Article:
The model developed in this study aims to quantify solute transport (diffusion and convection) under fluid flow with varying lacunar and canalicular number densities. A hypothetical FRAP experiment is modeled here, where a fluorescent solute with a diffusivity D remains in equilibrium in the entire LCS when a brief photobleaching of one lacuna is introduced using a high intensity laser, resulting in a rapid drop of its fluorescent solute concentration. The processes of unbleached solute refilling of the disturbed lacuna through diffusion and convection are studied here. A hypothetical FRAP experiment is modeled because 1) the FRAP process is an analogue of the spreading process of molecules among osteocytes, which is vital for bone's mechanotransduction, and 2) the model predictions can be tested experimentally using direct FRAP studies in the future. The model considers solute transport under loaded and non-loaded conditions with either sinusoidal flow or no flow present in the LCS for a series of configurations with varying canalicular length (inversely related to lacunar density) and canalicular number. The ranges of flow and LCS parameters are given in the following sections based on the previously reported values in the literature.

LCS transport model with cyclic fluid flow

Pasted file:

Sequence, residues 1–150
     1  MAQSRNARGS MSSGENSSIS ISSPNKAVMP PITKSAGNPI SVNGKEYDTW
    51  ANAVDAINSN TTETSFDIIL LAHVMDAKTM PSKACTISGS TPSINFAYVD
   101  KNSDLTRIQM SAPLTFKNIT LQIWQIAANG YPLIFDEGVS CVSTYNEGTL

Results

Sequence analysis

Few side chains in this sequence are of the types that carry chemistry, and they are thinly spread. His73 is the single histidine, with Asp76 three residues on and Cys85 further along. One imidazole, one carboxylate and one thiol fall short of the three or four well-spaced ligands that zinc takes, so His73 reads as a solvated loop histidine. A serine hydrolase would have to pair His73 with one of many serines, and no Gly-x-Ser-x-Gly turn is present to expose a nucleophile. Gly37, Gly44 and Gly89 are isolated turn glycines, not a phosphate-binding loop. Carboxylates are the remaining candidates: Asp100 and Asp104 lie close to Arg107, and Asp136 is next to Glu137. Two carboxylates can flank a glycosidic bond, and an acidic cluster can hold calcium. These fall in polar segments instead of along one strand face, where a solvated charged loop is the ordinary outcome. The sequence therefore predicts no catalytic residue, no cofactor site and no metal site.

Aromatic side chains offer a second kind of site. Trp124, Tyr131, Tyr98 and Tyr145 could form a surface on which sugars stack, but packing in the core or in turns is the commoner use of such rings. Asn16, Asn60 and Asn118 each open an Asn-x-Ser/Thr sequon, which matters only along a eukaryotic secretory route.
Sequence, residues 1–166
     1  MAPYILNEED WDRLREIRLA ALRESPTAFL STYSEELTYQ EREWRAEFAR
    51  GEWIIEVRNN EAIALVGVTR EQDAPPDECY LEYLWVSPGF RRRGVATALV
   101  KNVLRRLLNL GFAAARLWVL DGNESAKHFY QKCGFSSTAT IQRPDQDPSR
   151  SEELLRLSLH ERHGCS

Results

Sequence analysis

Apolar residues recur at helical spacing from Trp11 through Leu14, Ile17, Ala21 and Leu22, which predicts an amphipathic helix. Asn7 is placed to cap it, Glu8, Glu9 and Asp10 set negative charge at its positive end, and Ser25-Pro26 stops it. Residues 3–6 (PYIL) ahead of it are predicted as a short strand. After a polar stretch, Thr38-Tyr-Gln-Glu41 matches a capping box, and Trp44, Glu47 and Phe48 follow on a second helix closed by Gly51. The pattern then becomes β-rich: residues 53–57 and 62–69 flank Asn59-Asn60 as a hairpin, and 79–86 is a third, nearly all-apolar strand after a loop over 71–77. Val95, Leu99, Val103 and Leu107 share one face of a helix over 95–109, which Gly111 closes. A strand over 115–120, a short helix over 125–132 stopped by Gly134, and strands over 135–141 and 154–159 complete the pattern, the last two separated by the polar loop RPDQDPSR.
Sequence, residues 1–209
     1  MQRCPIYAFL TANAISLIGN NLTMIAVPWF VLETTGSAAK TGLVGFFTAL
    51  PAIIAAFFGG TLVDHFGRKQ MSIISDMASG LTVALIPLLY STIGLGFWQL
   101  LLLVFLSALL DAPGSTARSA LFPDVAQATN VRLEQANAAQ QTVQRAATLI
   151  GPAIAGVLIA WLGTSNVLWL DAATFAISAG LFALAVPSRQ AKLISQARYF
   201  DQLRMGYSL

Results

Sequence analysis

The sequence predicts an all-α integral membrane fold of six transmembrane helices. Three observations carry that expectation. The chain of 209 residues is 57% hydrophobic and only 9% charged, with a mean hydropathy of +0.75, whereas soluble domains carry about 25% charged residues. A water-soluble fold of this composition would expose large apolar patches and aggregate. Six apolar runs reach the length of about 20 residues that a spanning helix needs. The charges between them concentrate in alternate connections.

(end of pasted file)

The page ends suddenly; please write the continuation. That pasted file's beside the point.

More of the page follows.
Similar to our previous model [25], we focus on solute transport that occurs ~30 μm below the anterior-medial periosteal surface of the mid-shaft of a murine tibia subjected to cyclic compression applied through its two ends. The mouse tibia model was chosen because (i) the mouse has a small body size that makes imaging on the microscope stage easier; (ii) external mechanical loading to the mouse tibia is well documented and the tibia is easily manipulated, and (iii) the tibial anterior-medial surface is devoid of muscle attachment, readily accessed under skin, and relatively flat for imaging [25]. Under mechanical load the local circumferential flow at this specified location was found to dominate over the radial flow component [25]. Thus, transport was simplified to a one-dimensional problem. The fluid velocity waveform was also found to resemble a sinusoidal curve with the same frequency as the applied load. The peak value of the induced fluid velocity for a mouse tibia subjected to a physiological loading magnitude of 3-N (corresponding to a surface strain of 800 micro-strain) was 80.6 μm/s [25]. Although changes in LCS anatomy could lead to varied LCS permeability and fluid velocities [26], we simplified the study by imposing the same sinusoidal fluid flow to all LCS networks considered here, assuming they are under similar physiological strains.